Tesla started looking at solar panels. And developed panels that are 40% more efficient than those we see today and Tesla is testing solar roofs when no one was seriously thinking about it (I was once thinking why no one is developing it and why you have to have a roof and on top of it install the PVs, why not have the roof as a PV? And just today, I watched a video that Tesla is in fact developing the roof PVs). Speaking of PVs, my other thought was why Tesla cars do not have a PV panel integrated into the roof of the car and be able to charge using solar energy when driving or just parking in front of a shopping mall. I guess the issue is with the equipment you need to transform the energy, standardize frequency, and store it into the batteries. I guess the equipment is still too large to have the car towing a transformer station behind it. But who knows, maybe Elon is already working on it.

I am still uneasy about this stock and hesitant to be buying it. But I missed Amazon before when I could buy it for $360 a share. I missed Apple when I could buy it for $60 a share. And since Tesla still has a good price appreciation in the future, I think, I shouldn’t be missing this boat either, although I have missed a significant portion of that boat already.

 

Accumulating Dividend Growth Stocks

 

Buying high-quality dividend stocks is our core strategy in our fund. And we will continue to do so and at a faster pace. Last week, we started accumulating Aflac (AFL) stock to reach 100 shares. As of today, we own 80 shares.

We also added 100 shares of Liberty All-Star Growth Fund, Inc. (ASG) to our portfolio. This stock is not necessarily a dividend growth stock. It is a speculative, high yield dividend stock and we may remove the stock from our portfolio if it no longer follows our criteria.

We want to accumulate 100 shares of each stock in our watchlist or list of stocks we want to own. This lot of shares is not, however, the end number. Once we are fully invested (own all stocks we want to own), then we will start adding on top of those 100 shares.

Our goal is to not only reach 100 shares of high-quality dividend stocks but also create a weekly dividend income from these stocks All it takes to create a weekly dividend income is to buy 12 stocks to spread the income for every week. I created this dividend calendar and track the stocks I want to buy to get this goal done fast.
 

Weekly dividends income calendar
 

We are also interested in adding some high-yield, yet still safe, dividend earners to further boost our dividend income. I found a few good stocks and closed-end funds, candidates I believe are worth accumulating. Every month I will be posting these stocks, accumulation progress, or stock removal from the portfolio. These stocks or funds may be riskier than the aristocrats and I plan on monitoring them carefully. When the stocks no longer meet my criteria and/or underperform, I will remove them from our portfolio. My first list for March accumulation can be found here.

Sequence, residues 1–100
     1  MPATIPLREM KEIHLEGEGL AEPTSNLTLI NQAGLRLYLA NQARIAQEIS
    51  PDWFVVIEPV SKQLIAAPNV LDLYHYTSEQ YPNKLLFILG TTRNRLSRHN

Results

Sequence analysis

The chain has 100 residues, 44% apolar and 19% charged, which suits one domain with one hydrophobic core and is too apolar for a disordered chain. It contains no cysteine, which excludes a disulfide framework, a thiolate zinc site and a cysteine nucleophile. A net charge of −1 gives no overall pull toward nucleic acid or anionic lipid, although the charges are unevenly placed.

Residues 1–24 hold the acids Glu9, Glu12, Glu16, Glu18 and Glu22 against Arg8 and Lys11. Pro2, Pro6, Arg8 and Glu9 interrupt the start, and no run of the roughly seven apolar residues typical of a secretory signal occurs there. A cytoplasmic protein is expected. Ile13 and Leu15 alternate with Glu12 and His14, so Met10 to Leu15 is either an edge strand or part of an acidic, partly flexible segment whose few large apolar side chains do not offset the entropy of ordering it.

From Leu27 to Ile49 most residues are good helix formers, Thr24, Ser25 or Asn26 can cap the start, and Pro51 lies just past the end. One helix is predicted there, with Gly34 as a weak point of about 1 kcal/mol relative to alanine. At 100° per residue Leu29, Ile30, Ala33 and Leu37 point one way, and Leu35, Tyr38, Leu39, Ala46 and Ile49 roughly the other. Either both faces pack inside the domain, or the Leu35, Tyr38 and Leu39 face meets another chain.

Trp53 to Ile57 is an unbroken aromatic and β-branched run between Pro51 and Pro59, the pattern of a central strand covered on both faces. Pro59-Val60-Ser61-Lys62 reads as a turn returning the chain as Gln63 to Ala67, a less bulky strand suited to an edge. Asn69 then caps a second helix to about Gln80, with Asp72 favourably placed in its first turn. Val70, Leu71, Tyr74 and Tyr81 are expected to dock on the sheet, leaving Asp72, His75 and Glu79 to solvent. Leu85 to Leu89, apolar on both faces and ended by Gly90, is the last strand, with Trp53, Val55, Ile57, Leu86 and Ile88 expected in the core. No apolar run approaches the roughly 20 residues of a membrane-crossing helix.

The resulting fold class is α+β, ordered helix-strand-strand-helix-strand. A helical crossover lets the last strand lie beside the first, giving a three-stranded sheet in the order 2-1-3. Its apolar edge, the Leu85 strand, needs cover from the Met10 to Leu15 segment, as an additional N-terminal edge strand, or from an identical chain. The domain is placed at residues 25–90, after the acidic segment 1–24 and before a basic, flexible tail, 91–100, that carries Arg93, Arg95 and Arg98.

Market Outlook

 

Although the stock market recovered its 5% correction and reached a new ATH (all-time high) it couldn’t hold the new highs and sustain the rally. On Thursday and Friday, the market dropped again as the new euphoria from the FED meeting faded away.

However, if you know the market history and look at the past behavior, such choppiness is normal. It doesn’t predict that we are going to crash from here, nor it doesn’t predict that we are about to skyrocket again. From the historical perspective and past performance, this market can drop to $3,700 and it still will be a normal performance in the given historical perspective. Similar behavior occurred in 1982 and 2010. In both instances, the market posted a significant correction of 14% before renewed rally moved the market back to nice gains (if you had a stomach to stay invested).

 
SPX March 20 2021 outlook
 

I still expect an additional 15% to 75% gains in the next one to five-year time horizon even if we dip lower from here (which I do not expect but it may happen). If we dip to $3,700 it will be a great buying opportunity.

 

Trading options

 

We continue trading options around the stocks we own or plan to own. I call it monetizing our positions. It has a threefold benefit. It lowers our cost basis (at some point we will own all our shares for free), covers our call sides of each trade, and generates an additional income on top of the dividends. And that income is significant as you can see from our report at the top of this post.

 

Investing and trading report in charts

 

TW Account Net-Liq week 10
 

TW Account holdings week 11
 

The table above shows our current holdings and gains on those holdings. Adjusted columns indicate how options help to boost (or ruin) our stock holdings appreciation, or in other words, lowering the cost basis. Without options, our holdings would be up 8.33%. With options, our holdings are up 14.85% (from inception on 4/1/2019). The SPX is up 35.27% since inception. Our stock holdings underperform the overall market since the inception of the fund (up only 14.85% on a cumulative basis). However, this week, our adjusted stock holdings significantly beat the market. The market gained 5.43% YTD, our portfolio options-adjusted stock holdings grew by 7.87% YTD (note this includes stock holdings adjusted by options trading, not the entire portfolio).
 

TW Account holdings Growth YTD
 

TW Options Income week 11
 

TW Options Annual Income week 11
 

TW Received vs Projected Dividends week 11

 

Conclusion of our investing and trading report

 

This week our options trading was weak and as we laid it out in our previous report we were primarily adjusting our trades and opened only very few new trades. Next week, we may reopen trades that expired last Friday.

We will continue accumulating the dividend growth stocks in our portfolio to reach 100 shares. We will also replenish our cash reserves to bring them back to 25% of our current net-liq value.

We will report our next week’s results next Saturday. Until then, good luck and good trading!